Ernest Kanasewich

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Ernest Kanasewich
Ernest P. Kanasewich headshot.gif
Membership Honorary Membership

Ernest R. (Ernie) Kanasewich (1931–1998) was a pioneer in the development of active source seismology as a tool in the exploration both of hydrocarbon resources and of the Earth's crust and upper-most mantle,


Obituary [1]

Ernest R. (Ernie) Kanasewich (1931–1998), a pioneer in the development of active source seismology as a tool in the exploration both of hydrocarbon resources and of the Earth's crust and upper-most mantle, died in Edmonton, Alberta, on June 19, 1998, at the age of 67.

Born in rural Saskatchewan, Ernie received his B.Sc. in physics at the University of Alberta in 1952. He was introduced to geophysics when hired as a seismologist at Geophysical Services Incorporated, a subsidiary of Texas Instruments. He worked in both Canada and the Middle East for 6 formative years, during which he gained considerable practical knowledge of the capabilities of seismic methods. He returned to the University of Alberta to complete an M.Sc. in physics in 1960 on gravity methods in the nascent geophysics program begun under George Garland. He obtained his Ph.D.with R.Don Russell in 1962 on newly developed methods of isotopic lead age dating. He took a record 2 years for his Ph.D. research, and the work even resulted in publications with implications for cosmology Ernie returned to the Department of Physics at the University of Alberta in 1963 as an assistant professor rising to full professor of physics in 1971. Aside from a 1-year sabbatical as a research associate professor at the Seismological Laboratory at the California Institute of Technology, he remained at the University of Alberta until his retirement in 1996. Despite a severe pulmonary illness, Ernie continued his research and writing until the end. He was scheduled to present a scientific paper at the Canadian Society of Exploration Geophysicists the day before his passing. He was heavily involved in the department, having served as the associate chair from 1967 to 1973 and as acting chair from 1973 to 1974. He served as chair over the very difficult period of severe funding cutbacks from 1991 to 1996. He was also director of the Institute of Geophysics, Meteorology, and Space Physics from 1991 to 1993.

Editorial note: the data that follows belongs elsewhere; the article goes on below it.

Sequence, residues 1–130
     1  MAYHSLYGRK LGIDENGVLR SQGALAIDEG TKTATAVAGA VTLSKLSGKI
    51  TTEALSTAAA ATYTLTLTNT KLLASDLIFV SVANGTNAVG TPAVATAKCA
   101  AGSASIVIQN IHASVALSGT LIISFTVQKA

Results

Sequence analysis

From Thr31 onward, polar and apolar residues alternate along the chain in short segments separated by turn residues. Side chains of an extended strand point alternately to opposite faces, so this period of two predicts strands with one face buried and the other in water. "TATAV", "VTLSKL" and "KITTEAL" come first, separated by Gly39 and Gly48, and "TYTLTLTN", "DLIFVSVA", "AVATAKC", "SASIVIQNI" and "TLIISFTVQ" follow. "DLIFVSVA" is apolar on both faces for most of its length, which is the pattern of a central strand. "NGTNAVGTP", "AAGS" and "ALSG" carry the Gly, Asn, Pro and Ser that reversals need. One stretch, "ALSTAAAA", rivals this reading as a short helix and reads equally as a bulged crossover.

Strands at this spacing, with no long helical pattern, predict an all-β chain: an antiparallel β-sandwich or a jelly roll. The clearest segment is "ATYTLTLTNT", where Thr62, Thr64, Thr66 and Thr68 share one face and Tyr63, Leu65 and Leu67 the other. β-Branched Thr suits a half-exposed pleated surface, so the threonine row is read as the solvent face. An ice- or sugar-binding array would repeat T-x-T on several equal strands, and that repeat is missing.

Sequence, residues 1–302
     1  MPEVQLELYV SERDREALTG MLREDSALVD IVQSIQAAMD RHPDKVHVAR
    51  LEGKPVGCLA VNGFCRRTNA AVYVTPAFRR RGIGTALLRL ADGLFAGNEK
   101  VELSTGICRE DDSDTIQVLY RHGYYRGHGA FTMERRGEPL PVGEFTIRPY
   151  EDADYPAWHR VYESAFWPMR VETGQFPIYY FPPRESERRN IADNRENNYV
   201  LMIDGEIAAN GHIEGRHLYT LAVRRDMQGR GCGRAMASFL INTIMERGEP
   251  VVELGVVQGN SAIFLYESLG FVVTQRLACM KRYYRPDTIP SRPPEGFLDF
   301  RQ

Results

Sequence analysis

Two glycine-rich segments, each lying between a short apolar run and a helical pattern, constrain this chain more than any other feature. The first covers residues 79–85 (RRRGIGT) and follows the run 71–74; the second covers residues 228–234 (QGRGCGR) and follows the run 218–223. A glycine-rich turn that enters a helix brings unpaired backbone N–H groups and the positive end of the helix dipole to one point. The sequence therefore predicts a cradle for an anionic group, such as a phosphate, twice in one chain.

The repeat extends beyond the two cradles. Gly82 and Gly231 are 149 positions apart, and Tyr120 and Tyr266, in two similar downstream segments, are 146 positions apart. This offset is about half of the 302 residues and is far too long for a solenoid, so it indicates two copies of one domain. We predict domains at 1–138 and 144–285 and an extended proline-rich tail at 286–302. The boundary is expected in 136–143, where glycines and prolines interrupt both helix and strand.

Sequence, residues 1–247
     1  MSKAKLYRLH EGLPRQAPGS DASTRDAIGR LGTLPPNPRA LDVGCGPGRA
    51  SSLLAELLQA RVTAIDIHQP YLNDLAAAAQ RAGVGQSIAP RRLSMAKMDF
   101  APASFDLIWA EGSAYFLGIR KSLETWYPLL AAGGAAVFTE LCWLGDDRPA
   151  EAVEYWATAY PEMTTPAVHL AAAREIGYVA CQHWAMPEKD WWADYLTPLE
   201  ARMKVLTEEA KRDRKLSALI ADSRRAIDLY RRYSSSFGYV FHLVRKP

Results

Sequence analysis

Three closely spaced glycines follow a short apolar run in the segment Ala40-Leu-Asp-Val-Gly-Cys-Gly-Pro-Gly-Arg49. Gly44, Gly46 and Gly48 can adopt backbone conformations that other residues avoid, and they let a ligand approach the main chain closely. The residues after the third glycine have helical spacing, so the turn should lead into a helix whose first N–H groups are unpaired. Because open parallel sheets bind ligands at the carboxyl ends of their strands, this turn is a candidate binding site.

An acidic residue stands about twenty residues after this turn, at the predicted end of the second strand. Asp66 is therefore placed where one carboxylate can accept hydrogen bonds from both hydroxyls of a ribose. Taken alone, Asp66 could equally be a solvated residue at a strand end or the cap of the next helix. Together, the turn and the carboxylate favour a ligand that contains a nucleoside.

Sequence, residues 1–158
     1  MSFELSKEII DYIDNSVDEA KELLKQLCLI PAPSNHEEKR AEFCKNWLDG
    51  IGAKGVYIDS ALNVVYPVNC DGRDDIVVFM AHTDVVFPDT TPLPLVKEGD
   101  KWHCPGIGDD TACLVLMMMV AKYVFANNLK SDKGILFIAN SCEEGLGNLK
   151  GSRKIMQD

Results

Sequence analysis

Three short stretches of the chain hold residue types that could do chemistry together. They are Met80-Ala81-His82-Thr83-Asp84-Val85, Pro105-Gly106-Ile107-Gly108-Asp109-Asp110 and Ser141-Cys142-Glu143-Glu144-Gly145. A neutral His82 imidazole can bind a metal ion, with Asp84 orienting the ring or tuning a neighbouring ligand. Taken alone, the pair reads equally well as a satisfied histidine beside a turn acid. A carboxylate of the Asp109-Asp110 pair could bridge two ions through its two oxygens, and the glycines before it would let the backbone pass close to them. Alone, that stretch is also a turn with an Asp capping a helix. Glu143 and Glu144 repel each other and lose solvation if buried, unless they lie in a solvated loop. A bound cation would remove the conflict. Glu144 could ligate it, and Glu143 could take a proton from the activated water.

Biography Citation for SEG Honorary Membership